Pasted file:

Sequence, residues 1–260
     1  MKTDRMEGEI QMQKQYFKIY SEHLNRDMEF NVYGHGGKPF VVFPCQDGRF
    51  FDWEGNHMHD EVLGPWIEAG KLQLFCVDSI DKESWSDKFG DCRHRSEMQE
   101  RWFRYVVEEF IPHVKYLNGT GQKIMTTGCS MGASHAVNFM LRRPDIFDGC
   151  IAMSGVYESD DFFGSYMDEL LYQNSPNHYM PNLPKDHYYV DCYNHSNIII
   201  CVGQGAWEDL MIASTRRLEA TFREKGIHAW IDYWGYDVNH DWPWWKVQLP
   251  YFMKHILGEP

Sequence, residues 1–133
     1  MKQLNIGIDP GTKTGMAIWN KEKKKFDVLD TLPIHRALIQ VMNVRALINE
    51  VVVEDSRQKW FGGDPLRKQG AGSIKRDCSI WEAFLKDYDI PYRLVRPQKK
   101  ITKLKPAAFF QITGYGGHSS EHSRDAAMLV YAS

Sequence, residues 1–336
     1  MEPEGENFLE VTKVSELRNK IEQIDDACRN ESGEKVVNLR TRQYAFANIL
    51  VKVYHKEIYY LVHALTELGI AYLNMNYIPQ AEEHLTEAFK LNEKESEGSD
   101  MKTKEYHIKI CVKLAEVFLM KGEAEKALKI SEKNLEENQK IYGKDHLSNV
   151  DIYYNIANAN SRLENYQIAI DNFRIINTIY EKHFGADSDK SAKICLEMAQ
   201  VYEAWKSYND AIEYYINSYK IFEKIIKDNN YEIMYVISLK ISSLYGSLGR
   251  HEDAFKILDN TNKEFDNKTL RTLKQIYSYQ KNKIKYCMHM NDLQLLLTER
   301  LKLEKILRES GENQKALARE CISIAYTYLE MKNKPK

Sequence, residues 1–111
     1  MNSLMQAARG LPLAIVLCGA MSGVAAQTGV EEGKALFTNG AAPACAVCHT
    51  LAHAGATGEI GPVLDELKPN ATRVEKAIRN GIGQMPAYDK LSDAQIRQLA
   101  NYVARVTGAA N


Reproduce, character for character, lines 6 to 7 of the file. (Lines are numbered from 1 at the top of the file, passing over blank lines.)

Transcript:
   201  CVGQGAWEDL MIASTRRLEA TFREKGIHAW IDYWGYDVNH DWPWWKVQLP
   251  YFMKHILGEP